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Maple Tree Leaf Diseases

Autumn Maple Tree under Blue Sky image by loongirl from

Maple trees are often under a great deal of stress when planted in suburban settings due to urban pollution, soil disturbance and urban growth. The stress can weaken the tree and make it more susceptible to a wide range of diseases. When a maple tree begins to decline it is often simply referred to as "maple decline," according to the University of Rhode Island. Most maple tree diseases can be avoided by offering the tree ample nutrition and care throughout its lifetime.

Phyllosticta (Phyllosticta minima)

Phyllosticta (Phyllosticta minima) causes spots to appear on the maple tree's leaves. Spots commonly appear either singular or irregular in appearance. The coloring is normally a dark brown to a tan. The margin of the spots usually appears darker than the center. Often darker, black spots appear within the main spot. If the infection is severe and widespread then the infected leaf will die and fall from the tree. Trees are infected in the early spring by airborne spores. It is imperative that infected leaves be promptly raked up and removed from the area to prevent the spread of the disease to other trees. Bordeaux fungicides can be used to gain control of the disease.

Tar Spot (Rhytisma acerinum)

Tar spot (Rhytisma acerinum) normally afflicts young trees in wet years. The fungus is spread by the wind to new and emerging foliage. The disease produces yellow or green spots on the tree's leaves. The appearance of the spot is normally wrinkled and looks like a scab. The disease rarely kills a tree but can result in intense defoliation in some cases. All leaves should be promptly raked up and disposed of to prevent the spread of the disease to healthy trees. Bordeaux fungicides and liquid copper normally prove effective against this disease.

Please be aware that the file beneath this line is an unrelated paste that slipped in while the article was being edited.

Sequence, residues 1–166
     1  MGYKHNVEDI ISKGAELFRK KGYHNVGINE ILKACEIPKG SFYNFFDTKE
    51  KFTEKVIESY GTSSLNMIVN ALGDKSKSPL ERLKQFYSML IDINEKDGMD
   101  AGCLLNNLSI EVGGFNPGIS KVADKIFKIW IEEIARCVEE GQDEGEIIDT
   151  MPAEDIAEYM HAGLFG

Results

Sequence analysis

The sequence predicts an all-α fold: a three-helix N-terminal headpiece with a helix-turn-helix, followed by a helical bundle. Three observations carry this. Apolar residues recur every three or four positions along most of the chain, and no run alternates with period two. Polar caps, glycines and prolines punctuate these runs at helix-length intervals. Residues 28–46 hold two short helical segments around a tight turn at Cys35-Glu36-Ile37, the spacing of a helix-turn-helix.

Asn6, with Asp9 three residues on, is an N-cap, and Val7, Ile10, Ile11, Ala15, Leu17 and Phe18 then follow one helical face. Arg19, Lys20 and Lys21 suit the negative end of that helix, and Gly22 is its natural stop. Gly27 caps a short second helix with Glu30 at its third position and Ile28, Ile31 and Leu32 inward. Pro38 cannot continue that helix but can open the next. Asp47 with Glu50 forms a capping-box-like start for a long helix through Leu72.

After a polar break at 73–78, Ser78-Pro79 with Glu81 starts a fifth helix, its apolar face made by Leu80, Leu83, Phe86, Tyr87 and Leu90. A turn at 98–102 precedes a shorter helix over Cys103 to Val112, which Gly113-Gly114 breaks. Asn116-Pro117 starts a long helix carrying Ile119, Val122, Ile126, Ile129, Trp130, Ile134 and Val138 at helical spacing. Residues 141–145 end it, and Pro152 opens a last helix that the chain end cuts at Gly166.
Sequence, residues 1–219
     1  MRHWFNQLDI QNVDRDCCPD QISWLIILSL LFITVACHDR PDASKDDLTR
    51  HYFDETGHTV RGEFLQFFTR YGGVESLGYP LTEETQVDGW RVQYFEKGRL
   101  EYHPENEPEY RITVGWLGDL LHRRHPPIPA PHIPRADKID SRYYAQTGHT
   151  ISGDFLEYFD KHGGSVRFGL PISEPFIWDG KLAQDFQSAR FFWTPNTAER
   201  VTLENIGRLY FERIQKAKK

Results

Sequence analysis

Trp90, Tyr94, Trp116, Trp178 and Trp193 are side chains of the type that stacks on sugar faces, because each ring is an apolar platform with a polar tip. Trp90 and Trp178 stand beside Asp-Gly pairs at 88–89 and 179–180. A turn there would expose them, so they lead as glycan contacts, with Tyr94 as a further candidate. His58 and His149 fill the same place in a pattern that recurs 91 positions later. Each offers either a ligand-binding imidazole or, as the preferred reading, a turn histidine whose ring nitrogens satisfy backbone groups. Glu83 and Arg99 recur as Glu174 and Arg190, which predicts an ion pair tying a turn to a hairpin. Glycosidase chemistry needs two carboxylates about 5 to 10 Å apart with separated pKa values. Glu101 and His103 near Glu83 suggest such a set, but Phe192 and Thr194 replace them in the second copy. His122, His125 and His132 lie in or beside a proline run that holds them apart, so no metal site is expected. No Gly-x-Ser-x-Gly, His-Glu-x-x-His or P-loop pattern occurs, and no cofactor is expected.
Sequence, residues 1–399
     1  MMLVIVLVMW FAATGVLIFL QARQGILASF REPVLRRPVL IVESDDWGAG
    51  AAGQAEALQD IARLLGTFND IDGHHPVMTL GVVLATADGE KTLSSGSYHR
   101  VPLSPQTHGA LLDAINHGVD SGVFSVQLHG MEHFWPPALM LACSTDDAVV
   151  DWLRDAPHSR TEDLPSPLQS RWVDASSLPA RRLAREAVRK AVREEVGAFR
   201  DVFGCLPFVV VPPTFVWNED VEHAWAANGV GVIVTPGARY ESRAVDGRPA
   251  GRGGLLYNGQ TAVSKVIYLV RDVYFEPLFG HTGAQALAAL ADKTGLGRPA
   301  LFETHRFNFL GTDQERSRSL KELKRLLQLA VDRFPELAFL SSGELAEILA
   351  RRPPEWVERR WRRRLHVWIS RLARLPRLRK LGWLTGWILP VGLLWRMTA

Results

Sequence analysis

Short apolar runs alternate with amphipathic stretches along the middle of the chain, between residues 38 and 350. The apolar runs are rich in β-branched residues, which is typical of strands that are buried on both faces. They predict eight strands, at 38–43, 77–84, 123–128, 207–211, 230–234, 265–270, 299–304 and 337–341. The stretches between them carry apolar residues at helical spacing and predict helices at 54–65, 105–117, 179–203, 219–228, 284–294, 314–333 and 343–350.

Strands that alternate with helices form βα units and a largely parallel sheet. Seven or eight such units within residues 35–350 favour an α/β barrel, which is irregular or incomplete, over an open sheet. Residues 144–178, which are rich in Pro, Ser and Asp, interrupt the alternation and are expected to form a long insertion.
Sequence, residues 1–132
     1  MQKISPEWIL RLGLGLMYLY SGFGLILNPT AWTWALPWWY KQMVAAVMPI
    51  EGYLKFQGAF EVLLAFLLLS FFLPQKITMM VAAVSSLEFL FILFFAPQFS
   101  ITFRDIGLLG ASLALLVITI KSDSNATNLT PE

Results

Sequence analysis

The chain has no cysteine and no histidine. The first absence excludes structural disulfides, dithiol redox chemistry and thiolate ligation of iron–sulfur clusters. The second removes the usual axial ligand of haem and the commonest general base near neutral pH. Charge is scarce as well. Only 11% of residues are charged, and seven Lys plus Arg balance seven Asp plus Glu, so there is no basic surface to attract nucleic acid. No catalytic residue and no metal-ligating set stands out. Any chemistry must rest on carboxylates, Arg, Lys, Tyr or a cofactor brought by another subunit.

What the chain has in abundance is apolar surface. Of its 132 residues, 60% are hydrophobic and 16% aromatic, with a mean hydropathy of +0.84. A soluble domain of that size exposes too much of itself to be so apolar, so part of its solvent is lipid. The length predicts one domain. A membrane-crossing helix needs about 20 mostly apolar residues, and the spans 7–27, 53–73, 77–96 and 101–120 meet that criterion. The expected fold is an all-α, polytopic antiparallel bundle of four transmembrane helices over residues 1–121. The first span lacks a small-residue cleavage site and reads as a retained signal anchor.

Anthracnose Leaf Blight (Discula sp.)

Anthracnose leaf blight (Discula sp.) causes leaf spotting that appears in dry, irregular patterns and occurs along the veins of the foliage. The fungus is damaging to leaves but poses no great threat to the maple tree's overall health. The foliage does become unsightly. The fungus is carried each spring by the wind from infected leaves. Fungus treatment can prove effective when started prior to leaf emergence. Fungicides thiophanate-methyl, chlorothalonil and mancozeb work well against anthracnose.

Leaf Scorch

Leaf scorch of the maple tree is believed to be caused by the environment. Nutritional deficiencies, soil problems, salt, drought and other toxins cause the maple tree's leaves to begin drying. The margins of the leaves will appear brown but the inside of the leaf often remains green. Leaf drop is common. Diseased areas should be pruned to reduce the spread of the problem. The source of the situation needs to be discovered and rectified in order to restore overall health to the maple tree. Extensive watering of the tree can help the situation. Proper fertilizing is also important.

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